In this project, you will demonstrate your understanding of dynamic memory and linked data structures (Chapter 10) and extend your program design, testing, and debugging skills. You will also learn about Artificial Intelligence and tree search algorithms, and implement a simple algorithm for playing checkers.
Checkers, or draughts, is a strategy board game played by two players. There are many variants of checkers. For a guide to checker’s families and rules, see https://www.fmjd.org/downloads/Checkers_families_ and_rules.pdf. Your task is to implement a program that reads, prints, and plays our variant of the game.
Setup. An 8×8 chessboard with 12 black and 12 white pieces initially positioned as shown in Figure 1a.
Gameplay. Each player plays all pieces of the same color. Black open the game by making a move, then white make a move, and then players alternate their turns. In a single turn, the player either makes a move or capture. For example, the arrow in Figure 1a denotes an opening move of the black piece from cell G6 to cell F5.
Moves. A piece may move to an empty cell diagonally forward (toward the opponent; north for black and south for white) one square. The arrows in Figure 1b show all the legal moves of black and white pieces.
Towers. When a piece reaches the furthest row (the top row for black and the bottom row for white), it becomes a tower (a pile of pieces). The only move of the white piece at cell D7 in Figure 1b promotes it to the tower. A tower may move to an empty cell diagonally, both forward and backward, one square. The arrows in Figure 1c show all the legal moves of black and white towers.
Captures. To capture a piece or a tower of the opponent, a piece or a tower of the player jumps over it and lands in a straight diagonal line on the other side. This landing cell must be empty. When a piece or tower is captured, it is removed from the board. Only one piece or tower may be captured in a single jump, and, in our variant of the game, only one jump is allowed in a single turn. Hence, if another capture is available after the first jump, it cannot be taken in this turn. Also, in our variant of the game, if a player can make a move or a capture, they may decide which of the two to complete. A piece always jumps forward (toward the opponent), while a tower can jump forward and backward. The arrows in Figure 1d show all the legal captures for both players.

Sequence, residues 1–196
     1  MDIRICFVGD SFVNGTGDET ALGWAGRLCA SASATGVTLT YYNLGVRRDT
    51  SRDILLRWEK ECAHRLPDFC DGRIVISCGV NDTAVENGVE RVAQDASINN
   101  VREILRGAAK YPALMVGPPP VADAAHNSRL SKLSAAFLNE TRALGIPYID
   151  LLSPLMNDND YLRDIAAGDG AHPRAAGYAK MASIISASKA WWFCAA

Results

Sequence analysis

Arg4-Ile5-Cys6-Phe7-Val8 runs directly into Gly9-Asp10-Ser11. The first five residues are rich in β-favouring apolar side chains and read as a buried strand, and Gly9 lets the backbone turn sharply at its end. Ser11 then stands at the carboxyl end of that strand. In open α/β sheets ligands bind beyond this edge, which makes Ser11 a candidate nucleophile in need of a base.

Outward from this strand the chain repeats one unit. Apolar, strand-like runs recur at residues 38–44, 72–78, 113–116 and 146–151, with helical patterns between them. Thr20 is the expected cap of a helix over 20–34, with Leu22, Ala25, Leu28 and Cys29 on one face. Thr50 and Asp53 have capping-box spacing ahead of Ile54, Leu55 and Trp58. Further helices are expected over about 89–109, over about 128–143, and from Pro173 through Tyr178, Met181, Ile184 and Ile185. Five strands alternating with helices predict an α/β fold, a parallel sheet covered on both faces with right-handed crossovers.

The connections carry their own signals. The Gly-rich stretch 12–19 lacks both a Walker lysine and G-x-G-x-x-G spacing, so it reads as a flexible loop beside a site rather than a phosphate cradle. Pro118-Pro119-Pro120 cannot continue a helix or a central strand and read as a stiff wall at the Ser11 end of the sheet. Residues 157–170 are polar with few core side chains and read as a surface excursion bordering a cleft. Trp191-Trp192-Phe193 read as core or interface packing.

Game end. A player wins the game if it is the opponent’s turn and they cannot take action, move or capture, either because no their pieces and towers are left on the board or because no legal move or capture is possible.
Your program should read input from stdin and write output to stdout. The input should list actions, one per line, starting from the initial setup and a black move. The input of moves and captures can be followed by a single command character, either ‘A’ or ‘P’. Action should be specified as a pair of the source cell and the target cell, separated by the minus character ‘-’. For example, “G6-F5” specifies the move from cell G6 to cell F5.
The following file test1.txt uses eleven lines to specify ten actions, followed by the ‘A’ command.
Stage 0 – Reading, Analyzing, and Printing Input Data (8/20 marks)
The first version of your program should read input and print the initial setup and all legal actions. The first 42 lines that your program should generate for the test1.txt input file are listed below in the two left columns.
Lines 1–21 report the board configuration and specify the initial setup from Figure 1a. We use ‘b’ and ‘w’ characters to denote black and white pieces, respectively. Then, lines 22–42 print the first move specified in the first line of the input. The output of each action starts with the delimiter line of 37 ‘=’ characters; see line 22. The next two lines print information about the action taken and the cost of the board; see lines 23 and 24. The cost of a board is computed as b+3B−w−3W, where b, w, B, and W are, respectively, the number of black pieces, white pieces, black towers, and white towers on the board; that is, a tower costs three pieces. Then, your program should print the board configuration that results from the action. The complete output your program should generate in Stage 0 for the test1.txt input file is provided in the test1-out.txt output file.
If an illegal action is encountered in the input, your program should select and print one of the following six error messages. Your program should terminate immediately after printing the error message.
|1 ERROR: Source cell is outside of the board.
2 ERROR: Target cell is outside of the board.
3 ERROR: Source cell is empty.
|4 ERROR: Target cell is not empty.
5 ERROR: Source cell holds opponent’s piece/tower.
6 ERROR: Illegal action.